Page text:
HIV in Canada: A primer for service providers

Post-exposure prophylaxis (PEP)

Key Points

  • Post-exposure prophylaxis (PEP) is the use of antiretroviral drugs after an exposure to HIV, to reduce the risk of HIV transmission.
  • PEP works by helping to prevent replication of the HIV virus once it has made its way into the body.
  • PEP can reduce the risk of HIV transmission by over 80% when used consistently and correctly.

Post-exposure prophylaxis (PEP) is the use of antiretroviral drugs after an actual or suspected exposure to HIV to reduce the risk of HIV transmission. It should be started as soon as possible after a real or suspected HIV exposure but definitely within 72 hours. A combination of  three antiretroviral drugs is generally prescribed for PEP use. These medications must be taken every day for four weeks.

PEP works in an HIV-negative person after HIV has made its way into the body. If this happens, the medications in PEP may prevent the virus from multiplying and spreading throughout the body.

Research has found that PEP can reduce the risk of HIV infection by over 80%. We know that people can sometimes become infected with HIV despite taking PEP, and that PEP is most likely to work when used consistently and correctly. Factors that can limit the effectiveness of PEP include: low adherence to the full four-week course of pills, later PEP initiation, and continued exposures to HIV while taking PEP (PEP is only meant to reduce the risk from a single exposure).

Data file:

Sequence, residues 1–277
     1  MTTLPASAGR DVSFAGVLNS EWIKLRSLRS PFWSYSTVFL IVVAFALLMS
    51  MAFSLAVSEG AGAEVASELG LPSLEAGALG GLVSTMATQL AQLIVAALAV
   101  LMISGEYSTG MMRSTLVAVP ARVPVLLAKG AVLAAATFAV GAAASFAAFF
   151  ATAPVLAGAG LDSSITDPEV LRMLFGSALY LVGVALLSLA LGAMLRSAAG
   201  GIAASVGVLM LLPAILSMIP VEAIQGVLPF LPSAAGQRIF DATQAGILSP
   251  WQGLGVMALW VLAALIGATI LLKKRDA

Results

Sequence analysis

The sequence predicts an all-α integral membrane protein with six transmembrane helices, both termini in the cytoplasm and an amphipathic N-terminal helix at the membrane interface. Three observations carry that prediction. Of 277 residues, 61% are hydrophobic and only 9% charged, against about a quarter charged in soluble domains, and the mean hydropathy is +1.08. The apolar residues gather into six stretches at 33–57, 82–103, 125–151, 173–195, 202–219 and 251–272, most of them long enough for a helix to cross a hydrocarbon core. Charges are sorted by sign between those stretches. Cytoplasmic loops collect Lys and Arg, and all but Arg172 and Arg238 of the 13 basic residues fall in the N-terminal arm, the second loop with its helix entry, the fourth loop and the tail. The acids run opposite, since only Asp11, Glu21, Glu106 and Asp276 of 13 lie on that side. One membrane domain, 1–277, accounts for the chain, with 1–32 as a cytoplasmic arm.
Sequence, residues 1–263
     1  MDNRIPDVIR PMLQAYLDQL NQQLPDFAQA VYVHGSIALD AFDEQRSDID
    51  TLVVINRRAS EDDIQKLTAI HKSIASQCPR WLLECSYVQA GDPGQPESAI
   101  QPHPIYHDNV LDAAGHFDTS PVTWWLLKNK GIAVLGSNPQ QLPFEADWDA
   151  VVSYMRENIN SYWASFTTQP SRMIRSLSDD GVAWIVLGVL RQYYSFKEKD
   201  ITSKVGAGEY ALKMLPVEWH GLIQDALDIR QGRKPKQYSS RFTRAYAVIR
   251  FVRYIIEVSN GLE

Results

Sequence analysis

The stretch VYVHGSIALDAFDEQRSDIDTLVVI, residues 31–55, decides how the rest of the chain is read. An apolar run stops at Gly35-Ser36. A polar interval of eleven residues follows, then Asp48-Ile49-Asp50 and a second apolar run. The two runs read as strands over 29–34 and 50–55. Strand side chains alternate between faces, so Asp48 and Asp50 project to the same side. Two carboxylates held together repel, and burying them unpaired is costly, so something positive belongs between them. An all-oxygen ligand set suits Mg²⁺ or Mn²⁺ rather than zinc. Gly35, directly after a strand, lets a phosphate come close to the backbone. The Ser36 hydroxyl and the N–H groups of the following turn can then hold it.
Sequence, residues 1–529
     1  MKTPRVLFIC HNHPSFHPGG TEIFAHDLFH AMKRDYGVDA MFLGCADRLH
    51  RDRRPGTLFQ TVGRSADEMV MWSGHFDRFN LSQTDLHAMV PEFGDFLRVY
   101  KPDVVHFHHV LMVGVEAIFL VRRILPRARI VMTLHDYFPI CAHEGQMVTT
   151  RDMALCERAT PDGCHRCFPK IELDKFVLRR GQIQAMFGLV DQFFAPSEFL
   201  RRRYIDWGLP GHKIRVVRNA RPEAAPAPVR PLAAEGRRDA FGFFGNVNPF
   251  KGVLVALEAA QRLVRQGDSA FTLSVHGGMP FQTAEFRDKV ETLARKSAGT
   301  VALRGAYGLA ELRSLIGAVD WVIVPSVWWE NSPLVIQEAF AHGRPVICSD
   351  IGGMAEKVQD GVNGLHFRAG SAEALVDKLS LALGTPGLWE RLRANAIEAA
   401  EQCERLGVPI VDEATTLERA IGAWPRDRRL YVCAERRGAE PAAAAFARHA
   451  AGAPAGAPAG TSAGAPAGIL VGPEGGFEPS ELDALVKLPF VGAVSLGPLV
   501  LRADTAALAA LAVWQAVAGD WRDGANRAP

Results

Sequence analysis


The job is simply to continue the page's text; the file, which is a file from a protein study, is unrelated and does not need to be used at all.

The potential risks of PEP include drug toxicity and side effects, interactions with other medications, and the development of drug-resistant strains of HIV (if infection occurs). A person who wants to use PEP will have their HIV risk assessed, because PEP is only meant to be used after a potential high-risk exposure. A person will also be tested for HIV to confirm that they are HIV negative.


Post-Exposure Prophylaxis for Prevention (PEP)

Post-exposure Prophylaxis (PEP) – CATIE fact sheet

Can we prevent infection with HIV after an exposure? The world of post-exposure prophylaxis (PEP)Prevention in Focus

The PEP Program at Clinique l’Actuel Programming Connection

Updated Guidelines for Antiretroviral Postexposure Prophylaxis After Sexual, Injection Drug Use, or Other Nonoccupational Exposure to HIV—United States, 2016 – U.S. Centers for Disease Control and Prevention (CDC)



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